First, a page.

The Martian by Andy Weir
Published: 2014, Crown (Originally 2012)
Genre: Adult Science Fiction
I’m stranded on Mars. I have no way to communicate with Earth. I’m in a Habitat designed to last 31 days. If the Oxygenator breaks down, I’ll suffocate. If the Water Reclaimer breaks down, I’ll die of thirst. If the Hab breaches, I’ll just kind of explode. If none of those things happen, I’ll eventually run out of food and starve to death. So yeah. I’m screwed.
An unexpectedly powerful dust storm causes the astronauts on NASA’s current Mars mission to abort their mission and head back to Earth. While following his crewmembers to their transport vehicle, Mark Watney comes into contact with flying debris, which causes him to fall back into the storm, his suit to rip, and his vitals to flatline. The rest of the crew assumes he’s dead and leaves for their return journey to Earth.
Their assumption proves to be incorrect, however, as Mark somehow survives. But now he’s stranded on the surface of Mars with no way to contact his crewmates or Earth and a minimal number of supplies. To survive for any amount of time, Mark must combine his knowledge of engineering and botany with more than a little ingenuity.
The Martian presents an alternate reality to our present, in which NASA has the means and funding to send fairly regular missions to Mars. NASA and space engineers have not only perfected various means of spacecraft to send humans to and from the surface of Mars, but have created shelters that allow humans to survive on the surface of Mars for many sols (Martian days) at a time. The possibilities that Weir presents here on space travel are certainly beyond what is currently being done, but they also sound incredibly plausible.
Despite scientific advances and the non-Earth locale, this is very much a survival story. Much of the story is related through Mark’s journal entries, which detail all of the challenges he encounters trying to survive on a surface that isn’t conducive to human life, and the variety of ways he’s forced to improvise to ensure his own survival. Mark’s background in engineering and botany give some credibility to many of his actions. At times, however, the circumstances feel a bit too contrived; the possible worst-case scenario will happen, followed by a “so crazy that it just might work” solution by Mark that generally does, in fact, work.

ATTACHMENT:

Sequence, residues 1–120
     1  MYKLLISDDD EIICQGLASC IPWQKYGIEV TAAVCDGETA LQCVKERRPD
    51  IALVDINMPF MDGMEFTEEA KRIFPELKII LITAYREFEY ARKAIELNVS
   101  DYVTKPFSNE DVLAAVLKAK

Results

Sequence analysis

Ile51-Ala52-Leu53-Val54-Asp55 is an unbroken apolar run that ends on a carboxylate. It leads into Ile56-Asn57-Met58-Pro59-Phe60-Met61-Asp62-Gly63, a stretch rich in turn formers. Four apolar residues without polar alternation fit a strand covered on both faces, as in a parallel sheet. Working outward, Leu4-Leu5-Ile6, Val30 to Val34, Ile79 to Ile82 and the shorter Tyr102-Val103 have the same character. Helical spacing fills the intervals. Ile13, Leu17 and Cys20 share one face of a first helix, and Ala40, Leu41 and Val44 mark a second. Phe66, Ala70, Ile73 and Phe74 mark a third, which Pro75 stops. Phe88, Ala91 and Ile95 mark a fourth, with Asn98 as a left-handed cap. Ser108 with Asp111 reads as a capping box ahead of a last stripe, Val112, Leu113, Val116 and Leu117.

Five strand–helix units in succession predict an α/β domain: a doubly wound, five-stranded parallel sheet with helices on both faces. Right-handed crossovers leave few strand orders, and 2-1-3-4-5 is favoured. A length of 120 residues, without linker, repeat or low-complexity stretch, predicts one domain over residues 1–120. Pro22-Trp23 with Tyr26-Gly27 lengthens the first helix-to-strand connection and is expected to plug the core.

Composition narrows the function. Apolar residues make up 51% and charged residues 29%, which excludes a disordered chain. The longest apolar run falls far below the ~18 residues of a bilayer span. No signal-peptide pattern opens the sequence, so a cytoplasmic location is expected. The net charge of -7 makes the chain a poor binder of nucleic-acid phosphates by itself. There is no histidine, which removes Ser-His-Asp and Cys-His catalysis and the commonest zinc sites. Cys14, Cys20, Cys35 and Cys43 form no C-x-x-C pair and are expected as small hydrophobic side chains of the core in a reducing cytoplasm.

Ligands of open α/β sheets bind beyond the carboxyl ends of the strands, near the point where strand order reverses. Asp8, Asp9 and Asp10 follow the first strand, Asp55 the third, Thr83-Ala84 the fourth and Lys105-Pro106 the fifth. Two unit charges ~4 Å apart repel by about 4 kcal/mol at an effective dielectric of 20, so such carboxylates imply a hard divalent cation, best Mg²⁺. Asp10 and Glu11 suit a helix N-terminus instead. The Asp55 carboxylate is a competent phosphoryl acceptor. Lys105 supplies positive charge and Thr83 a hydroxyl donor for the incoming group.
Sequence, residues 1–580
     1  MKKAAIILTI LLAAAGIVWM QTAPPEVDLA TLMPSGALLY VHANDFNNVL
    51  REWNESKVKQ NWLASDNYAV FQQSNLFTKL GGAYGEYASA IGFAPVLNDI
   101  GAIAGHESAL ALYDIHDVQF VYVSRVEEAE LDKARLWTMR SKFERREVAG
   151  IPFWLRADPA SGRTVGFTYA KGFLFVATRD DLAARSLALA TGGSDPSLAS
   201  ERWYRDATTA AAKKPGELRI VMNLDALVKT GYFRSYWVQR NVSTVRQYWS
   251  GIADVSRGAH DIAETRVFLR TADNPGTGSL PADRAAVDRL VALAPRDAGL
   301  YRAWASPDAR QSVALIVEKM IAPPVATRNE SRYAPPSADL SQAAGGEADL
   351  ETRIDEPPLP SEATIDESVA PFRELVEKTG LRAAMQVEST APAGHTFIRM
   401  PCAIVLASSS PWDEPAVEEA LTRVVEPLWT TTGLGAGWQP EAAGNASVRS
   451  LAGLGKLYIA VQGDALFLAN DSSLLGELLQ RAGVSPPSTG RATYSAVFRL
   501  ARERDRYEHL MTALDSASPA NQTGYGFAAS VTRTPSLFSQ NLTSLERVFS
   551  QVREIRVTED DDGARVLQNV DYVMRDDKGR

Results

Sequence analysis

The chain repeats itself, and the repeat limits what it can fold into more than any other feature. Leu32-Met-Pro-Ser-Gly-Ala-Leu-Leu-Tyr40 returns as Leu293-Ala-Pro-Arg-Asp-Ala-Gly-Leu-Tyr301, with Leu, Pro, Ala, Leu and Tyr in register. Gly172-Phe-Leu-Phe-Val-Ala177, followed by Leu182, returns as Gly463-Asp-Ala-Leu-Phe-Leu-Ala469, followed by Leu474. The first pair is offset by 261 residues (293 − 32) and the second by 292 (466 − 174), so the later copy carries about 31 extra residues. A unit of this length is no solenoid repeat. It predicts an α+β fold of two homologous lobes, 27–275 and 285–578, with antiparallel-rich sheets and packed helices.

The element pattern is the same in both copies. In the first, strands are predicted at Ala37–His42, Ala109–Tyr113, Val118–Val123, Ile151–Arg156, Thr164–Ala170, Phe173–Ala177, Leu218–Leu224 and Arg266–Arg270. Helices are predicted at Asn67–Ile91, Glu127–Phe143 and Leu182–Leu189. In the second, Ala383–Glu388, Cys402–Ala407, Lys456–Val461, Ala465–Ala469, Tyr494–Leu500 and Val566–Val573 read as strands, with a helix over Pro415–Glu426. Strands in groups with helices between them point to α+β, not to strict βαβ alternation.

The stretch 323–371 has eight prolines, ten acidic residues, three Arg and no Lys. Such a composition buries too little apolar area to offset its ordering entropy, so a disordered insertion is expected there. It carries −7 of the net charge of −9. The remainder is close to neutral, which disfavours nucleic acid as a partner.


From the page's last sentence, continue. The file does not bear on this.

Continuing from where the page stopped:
Mark’s entries in his official NASA worklog emphasize a lot of the sophisticated math and science that he uses to aid in his survival. This is definitely an example of a science fiction book that features some “hard science” and may lose some readers among all the technical details. As a counter to all the specialized knowledge, however, Mark is also very screwed and not afraid to joke about it in his entries. Which is understandable, considering he’s mostly writing these entries for posterity and as a personal reflection, since he understands the odds of him surviving and giving NASA his logs are incredibly slim. Mark’s sense of humor also prevents the novel from becoming too depressing or difficult to read. Because, really, the circumstances are against him in every way possible. Without the humor, this could easily have become little more than a depressing book that focused on the hard science aspects of space travel and survival.
The book also gains some more perspective from the occasional additional narrator. Mark remains firmly the protagonist and focus of the novel, but, once NASA is made aware of his survival, this is no longer simply one man’s struggle to survive. Instead, it enhances the scale of the conflict as it becomes a bigger story about the worldwide attempt to save Mark’s life. Both members of NASA and of Ares 3, the crew that abandoned Mark, are given the occasional narrative in this expanded story.
The Martian is a fascinating read, certain to entertain those interested in space travel, the more technical aspects of science fiction, and survival stories. Reading this story may present a bit more of a struggle for those not quite as interested in any (or all) of those three points mentioned above (like me). But this certainly is a thought-provoking story and it will be interesting to see what Weir writes next.
Rating: 3 stars